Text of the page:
How Has Photoshop Changed Society?
So with some pros and cons to Photoshop, how has it changed society as a whole? Although there may not be one definitive answer, it has clearly made both a positive and negative impact.
In a negative sense, Photoshop has allowed people to create unrealistic expectations of body image and lifestyle. By enhancing reality, it begins to blur the line between what’s real and what’s not. Eventually, this makes people compare their own lives to something that doesn’t exist, which can be damaging to your self-esteem or mental health.
On the other hand, not all Photoshopped images create these types of unrealistic standards. Photoshop is also used as a creative device for artists and photographers to enhance their images in more unique ways. From sky replacements to composite images, you can create a ton of fun effects with Photoshop. These artistic images are enjoyed by viewers of all age groups and work as inspiration both creatively and in life.
Should Photoshop Be Banned?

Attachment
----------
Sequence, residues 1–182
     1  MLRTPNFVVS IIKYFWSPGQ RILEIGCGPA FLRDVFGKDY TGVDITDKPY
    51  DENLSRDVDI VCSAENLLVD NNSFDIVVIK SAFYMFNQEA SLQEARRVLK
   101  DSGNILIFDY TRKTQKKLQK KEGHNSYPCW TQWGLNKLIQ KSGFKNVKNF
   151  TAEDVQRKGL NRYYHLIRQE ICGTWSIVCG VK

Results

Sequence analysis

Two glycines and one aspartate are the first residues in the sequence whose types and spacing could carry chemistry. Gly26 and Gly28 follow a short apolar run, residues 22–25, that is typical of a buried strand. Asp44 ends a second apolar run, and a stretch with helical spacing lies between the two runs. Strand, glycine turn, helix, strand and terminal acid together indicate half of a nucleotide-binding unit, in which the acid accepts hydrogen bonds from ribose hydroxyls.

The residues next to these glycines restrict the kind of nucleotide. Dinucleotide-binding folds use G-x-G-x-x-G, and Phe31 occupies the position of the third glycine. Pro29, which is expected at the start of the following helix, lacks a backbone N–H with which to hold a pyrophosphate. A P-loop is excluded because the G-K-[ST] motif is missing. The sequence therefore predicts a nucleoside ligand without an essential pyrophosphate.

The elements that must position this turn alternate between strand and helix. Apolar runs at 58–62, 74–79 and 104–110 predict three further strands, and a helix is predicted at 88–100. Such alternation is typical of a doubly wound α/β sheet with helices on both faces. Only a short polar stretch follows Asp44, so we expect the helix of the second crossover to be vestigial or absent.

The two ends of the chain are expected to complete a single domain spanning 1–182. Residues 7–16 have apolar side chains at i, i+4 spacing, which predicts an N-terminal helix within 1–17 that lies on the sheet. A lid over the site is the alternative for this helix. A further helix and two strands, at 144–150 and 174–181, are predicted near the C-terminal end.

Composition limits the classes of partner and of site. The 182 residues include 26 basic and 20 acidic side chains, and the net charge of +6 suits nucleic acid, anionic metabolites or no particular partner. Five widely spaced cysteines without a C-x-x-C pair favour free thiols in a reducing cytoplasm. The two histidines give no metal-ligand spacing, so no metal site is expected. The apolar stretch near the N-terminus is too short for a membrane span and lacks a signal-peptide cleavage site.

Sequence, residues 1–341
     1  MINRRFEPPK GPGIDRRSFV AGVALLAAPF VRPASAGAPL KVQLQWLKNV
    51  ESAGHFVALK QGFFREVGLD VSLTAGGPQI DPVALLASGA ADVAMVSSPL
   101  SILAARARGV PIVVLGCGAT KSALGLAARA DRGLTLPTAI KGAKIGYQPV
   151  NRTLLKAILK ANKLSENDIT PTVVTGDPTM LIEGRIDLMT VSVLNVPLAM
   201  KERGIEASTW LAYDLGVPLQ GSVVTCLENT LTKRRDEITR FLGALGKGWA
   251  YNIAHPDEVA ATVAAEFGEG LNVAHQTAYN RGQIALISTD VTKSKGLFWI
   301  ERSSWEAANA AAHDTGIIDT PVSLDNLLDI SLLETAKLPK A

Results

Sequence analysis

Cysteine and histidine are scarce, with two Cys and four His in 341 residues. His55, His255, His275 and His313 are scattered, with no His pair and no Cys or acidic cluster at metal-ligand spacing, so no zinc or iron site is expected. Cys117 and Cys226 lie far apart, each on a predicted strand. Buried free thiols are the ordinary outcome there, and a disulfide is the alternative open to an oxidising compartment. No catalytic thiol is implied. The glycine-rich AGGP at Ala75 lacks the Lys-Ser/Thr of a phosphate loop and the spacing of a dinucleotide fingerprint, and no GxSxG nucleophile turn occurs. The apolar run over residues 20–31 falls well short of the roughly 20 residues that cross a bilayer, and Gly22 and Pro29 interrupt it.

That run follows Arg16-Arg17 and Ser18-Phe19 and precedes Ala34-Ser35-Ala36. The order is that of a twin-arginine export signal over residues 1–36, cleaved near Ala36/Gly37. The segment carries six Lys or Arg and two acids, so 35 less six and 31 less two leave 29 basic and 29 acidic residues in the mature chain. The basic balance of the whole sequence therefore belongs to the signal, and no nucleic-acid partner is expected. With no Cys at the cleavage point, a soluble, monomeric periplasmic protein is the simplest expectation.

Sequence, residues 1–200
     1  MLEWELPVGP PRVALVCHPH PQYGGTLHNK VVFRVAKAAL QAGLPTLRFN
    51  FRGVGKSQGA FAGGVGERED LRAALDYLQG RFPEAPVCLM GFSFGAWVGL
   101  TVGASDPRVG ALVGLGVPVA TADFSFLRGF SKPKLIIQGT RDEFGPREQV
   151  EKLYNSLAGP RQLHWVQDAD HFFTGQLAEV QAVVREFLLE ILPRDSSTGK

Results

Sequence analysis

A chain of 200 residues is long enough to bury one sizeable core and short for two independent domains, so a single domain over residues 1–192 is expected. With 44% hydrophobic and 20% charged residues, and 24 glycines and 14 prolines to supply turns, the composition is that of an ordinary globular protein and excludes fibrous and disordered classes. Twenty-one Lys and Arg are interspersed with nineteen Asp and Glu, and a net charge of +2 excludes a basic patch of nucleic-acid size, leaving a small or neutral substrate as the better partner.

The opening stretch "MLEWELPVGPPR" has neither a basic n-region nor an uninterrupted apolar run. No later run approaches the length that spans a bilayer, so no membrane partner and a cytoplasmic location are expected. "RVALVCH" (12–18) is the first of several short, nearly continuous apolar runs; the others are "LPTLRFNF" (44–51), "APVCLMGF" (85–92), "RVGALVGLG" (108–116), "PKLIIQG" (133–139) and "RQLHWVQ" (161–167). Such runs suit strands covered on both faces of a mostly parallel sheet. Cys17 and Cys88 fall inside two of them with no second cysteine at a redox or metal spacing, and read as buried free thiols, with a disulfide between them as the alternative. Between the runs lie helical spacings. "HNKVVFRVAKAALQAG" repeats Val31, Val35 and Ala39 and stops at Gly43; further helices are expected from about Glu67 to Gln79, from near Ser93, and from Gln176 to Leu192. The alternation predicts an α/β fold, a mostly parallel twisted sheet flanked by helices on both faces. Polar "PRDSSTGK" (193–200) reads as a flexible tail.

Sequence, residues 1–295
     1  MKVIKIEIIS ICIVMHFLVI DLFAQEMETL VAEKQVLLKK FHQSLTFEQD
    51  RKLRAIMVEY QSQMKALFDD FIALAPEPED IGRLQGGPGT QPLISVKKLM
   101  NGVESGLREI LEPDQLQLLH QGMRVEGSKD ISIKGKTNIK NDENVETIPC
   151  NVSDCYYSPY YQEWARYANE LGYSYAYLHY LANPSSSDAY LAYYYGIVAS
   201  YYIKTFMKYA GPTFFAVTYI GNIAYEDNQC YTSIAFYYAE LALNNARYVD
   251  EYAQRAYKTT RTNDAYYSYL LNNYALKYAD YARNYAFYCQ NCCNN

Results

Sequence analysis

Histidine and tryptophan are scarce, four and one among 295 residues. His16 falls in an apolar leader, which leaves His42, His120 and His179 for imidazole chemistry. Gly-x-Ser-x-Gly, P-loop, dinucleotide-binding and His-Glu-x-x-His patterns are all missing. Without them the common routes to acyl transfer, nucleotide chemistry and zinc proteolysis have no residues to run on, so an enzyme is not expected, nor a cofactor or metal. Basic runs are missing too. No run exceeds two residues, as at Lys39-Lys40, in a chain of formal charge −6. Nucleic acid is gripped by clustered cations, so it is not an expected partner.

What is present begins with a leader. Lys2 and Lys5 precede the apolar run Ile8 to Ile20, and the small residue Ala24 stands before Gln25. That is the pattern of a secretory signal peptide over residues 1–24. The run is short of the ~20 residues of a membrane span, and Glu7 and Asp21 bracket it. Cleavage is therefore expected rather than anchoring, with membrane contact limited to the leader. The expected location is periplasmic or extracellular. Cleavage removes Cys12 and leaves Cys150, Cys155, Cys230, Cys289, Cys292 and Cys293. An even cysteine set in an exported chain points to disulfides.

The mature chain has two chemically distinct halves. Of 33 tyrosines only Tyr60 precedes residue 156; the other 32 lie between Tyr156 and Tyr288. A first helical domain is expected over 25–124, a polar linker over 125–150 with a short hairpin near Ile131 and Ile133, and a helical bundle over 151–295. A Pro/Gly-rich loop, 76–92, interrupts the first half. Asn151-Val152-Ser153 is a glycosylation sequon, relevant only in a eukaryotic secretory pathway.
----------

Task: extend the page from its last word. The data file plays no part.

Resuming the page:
At the end of the day, Photoshop is just a piece of software. It’s not making any evil decisions to create unrealistic body standards or affect people’s mental health. That’s solely the responsibility of the artist who’s creating the content.
Photoshop should not be banned because it doesn’t do anything inherently wrong. It provides a means to edit and enhance photos, but it’s up to your discretion to choose how much. Rather than banning Photoshop, a better solution is to talk about unrealistic advertisements and promote body positivity in a more realistic manner.
Since it comes down to the choice of the artist, changing the way we think as individuals ultimately influences what we see in media and advertisements. If people no longer are drawn to the unrealistic Photoshopped model, advertisers would change their tune.
In recent years, there have been a lot of movements around body positivity and mental health. Transitioning from the pursuit of the “perfect” lifestyle to the pursuit of fulfillment and joy in your real life. Many advertisers have become aware of this, leading to a rise in more natural photos of models on magazine covers and real people in advertisements.
As a photographer, I love Photoshop and all the tools it offers me creatively. Although it can have its downsides, the program itself isn’t doing anything wrong. We, as consumers, influence the media we see. By rejecting unrealistic standards and supporting brands that align with your values, you can have your say in supporting or denying Photoshopped images in society.